The Herman Trend Alert|
March 29, 2006
Dilemma of the NEETs
The current shift in the employment market is exciting and invigorating for some. Others are experiencing frustration, disillusionment, and irritation at the situation. The people caught in the middle, feeling disconnected, are being described as the NEETs---Not in Education, Employment, or Training.
The dominant perspective being seen in a number of nations is that these folks are in their early thirties, fairly well educated, and trapped in jobs that are the result of mismatching of new employees' aspirations with the needs of their employers. This problem is attributed to college graduates' hasty choice of employers during what a Japanese newspaper recently described as the “Ice Age for Job Hunters”---the period of the slow economy. These workers will be more careful in their next choices of employers…if they can find the opportunities they seek.
Employers are actively recruiting entry level workers who will be moved up in the company, succeeding those existing employees who will be promoted. Promotions will come as a consequence of growth, replacement of departing talent, and/or employee retention strategies. Older workers are asked to stay as employers realize the irreplaceable value of their knowledge, wisdom, and experience.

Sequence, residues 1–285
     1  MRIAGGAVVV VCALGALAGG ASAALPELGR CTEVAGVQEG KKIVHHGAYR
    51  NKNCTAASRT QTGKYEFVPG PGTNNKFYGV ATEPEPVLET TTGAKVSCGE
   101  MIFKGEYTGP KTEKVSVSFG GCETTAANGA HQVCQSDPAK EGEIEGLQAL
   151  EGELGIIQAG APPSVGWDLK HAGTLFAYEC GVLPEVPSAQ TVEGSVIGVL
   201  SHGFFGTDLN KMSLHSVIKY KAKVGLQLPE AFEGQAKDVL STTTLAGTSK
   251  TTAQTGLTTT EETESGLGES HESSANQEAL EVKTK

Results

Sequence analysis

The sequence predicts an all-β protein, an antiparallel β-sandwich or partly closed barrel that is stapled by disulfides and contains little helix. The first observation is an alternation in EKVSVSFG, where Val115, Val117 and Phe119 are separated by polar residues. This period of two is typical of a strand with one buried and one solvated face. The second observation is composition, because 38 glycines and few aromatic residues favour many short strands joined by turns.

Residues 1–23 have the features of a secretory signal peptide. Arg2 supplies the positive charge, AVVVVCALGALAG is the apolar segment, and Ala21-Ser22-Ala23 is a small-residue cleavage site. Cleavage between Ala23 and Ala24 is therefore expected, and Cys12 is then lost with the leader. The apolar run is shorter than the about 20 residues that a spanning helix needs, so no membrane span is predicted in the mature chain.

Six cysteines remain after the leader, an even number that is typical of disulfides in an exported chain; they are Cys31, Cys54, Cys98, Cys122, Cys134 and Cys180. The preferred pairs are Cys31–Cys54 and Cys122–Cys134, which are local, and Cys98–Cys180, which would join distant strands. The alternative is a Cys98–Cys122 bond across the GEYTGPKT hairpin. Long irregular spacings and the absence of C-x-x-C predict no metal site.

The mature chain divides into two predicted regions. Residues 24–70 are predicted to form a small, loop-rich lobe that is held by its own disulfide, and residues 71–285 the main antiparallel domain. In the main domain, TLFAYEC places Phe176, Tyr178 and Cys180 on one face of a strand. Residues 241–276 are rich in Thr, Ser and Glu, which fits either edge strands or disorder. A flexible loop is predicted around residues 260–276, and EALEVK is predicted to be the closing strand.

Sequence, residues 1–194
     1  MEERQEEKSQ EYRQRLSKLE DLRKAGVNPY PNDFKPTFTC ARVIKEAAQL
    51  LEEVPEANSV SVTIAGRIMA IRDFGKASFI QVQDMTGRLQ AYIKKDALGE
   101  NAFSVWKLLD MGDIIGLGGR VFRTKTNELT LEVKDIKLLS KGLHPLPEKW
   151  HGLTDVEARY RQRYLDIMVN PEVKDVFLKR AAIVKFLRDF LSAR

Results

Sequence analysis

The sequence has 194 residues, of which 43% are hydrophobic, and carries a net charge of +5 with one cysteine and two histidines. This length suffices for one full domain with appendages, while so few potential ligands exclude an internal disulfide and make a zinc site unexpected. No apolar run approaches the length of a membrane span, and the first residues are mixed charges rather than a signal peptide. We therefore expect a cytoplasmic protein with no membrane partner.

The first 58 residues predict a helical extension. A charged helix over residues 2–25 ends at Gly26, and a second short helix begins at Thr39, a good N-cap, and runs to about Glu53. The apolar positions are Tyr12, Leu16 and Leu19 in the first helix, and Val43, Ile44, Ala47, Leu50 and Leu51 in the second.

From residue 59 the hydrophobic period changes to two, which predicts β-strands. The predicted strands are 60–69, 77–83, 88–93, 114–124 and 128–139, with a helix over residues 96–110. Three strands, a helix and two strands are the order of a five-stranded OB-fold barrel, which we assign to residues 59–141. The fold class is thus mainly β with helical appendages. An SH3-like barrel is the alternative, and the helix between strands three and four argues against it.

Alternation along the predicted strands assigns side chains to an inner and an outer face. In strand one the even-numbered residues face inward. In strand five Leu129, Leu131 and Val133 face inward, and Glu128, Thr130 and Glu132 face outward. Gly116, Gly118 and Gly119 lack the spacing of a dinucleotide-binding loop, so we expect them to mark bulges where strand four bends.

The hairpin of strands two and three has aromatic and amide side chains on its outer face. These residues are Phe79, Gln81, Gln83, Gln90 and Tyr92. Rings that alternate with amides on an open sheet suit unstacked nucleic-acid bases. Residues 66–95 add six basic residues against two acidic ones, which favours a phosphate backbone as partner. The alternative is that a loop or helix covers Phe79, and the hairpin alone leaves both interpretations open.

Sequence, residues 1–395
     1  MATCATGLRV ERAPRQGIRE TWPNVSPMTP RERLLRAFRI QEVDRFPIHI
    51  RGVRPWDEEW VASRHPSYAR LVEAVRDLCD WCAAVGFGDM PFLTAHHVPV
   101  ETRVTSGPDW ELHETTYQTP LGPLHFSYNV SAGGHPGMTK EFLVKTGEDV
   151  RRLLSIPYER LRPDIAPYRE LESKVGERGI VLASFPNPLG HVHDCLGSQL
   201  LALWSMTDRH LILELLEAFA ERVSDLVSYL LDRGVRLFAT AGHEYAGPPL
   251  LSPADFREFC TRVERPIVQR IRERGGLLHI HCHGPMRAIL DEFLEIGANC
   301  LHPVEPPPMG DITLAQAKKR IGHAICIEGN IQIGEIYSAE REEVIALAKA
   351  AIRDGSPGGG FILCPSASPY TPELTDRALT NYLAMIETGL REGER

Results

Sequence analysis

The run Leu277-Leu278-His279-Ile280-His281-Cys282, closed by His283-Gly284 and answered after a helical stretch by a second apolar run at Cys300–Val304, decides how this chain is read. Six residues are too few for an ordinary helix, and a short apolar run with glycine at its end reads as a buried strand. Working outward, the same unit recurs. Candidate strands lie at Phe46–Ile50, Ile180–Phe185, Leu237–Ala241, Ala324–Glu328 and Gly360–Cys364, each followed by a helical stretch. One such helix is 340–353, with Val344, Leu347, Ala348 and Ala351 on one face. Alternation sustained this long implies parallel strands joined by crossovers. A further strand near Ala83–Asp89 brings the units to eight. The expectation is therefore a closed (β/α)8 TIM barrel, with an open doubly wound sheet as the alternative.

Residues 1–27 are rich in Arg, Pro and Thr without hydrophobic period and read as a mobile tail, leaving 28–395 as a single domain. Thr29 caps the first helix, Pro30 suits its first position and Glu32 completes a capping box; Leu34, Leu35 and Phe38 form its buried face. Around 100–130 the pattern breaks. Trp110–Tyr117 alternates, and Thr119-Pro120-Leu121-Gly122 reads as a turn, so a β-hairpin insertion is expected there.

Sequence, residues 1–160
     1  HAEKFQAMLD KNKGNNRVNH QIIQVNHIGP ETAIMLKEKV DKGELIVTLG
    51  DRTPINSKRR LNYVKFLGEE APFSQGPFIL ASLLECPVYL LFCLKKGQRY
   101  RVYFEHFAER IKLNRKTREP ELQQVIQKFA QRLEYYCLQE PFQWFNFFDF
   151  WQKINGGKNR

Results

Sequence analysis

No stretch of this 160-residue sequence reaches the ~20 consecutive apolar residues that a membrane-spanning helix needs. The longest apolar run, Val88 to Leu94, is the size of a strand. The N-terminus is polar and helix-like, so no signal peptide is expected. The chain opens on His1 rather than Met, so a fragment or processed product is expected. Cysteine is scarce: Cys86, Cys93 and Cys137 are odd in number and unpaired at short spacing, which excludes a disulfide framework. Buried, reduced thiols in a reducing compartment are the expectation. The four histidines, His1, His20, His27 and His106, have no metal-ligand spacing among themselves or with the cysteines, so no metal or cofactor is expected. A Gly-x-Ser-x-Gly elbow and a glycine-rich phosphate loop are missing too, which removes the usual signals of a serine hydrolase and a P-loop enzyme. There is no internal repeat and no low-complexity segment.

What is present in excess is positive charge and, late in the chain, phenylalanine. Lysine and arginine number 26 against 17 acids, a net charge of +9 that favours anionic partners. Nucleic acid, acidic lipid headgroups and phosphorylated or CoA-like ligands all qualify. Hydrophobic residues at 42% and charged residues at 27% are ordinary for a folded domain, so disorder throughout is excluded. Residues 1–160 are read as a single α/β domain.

Lost in this picture are the employees in the middle---the people in their thirties, forties, and fifties who do not fit into either of these categories, NEETs. If they are employed, most would describe their jobs as a pause in their careers. They do not feel forward movement and are merely parked, waiting for an opportunity to escape. These employees are a perfect example of what we describe as “warm chair attrition”---they show up physically, but their hearts are not in their work. They are not happy being sidetracked and are anxious to find meaningful employment.
Eventually, employers will recruit from this valuable segment of the workforce. Hiring and assimilating NEETs will not be easy. Coming into middle-range positions in their new companies, they will be seen as both valuable assets and outsiders who may need to be force-fit into their roles. Adjustments will be necessary by both employer and employee to achieve comfort and productivity.
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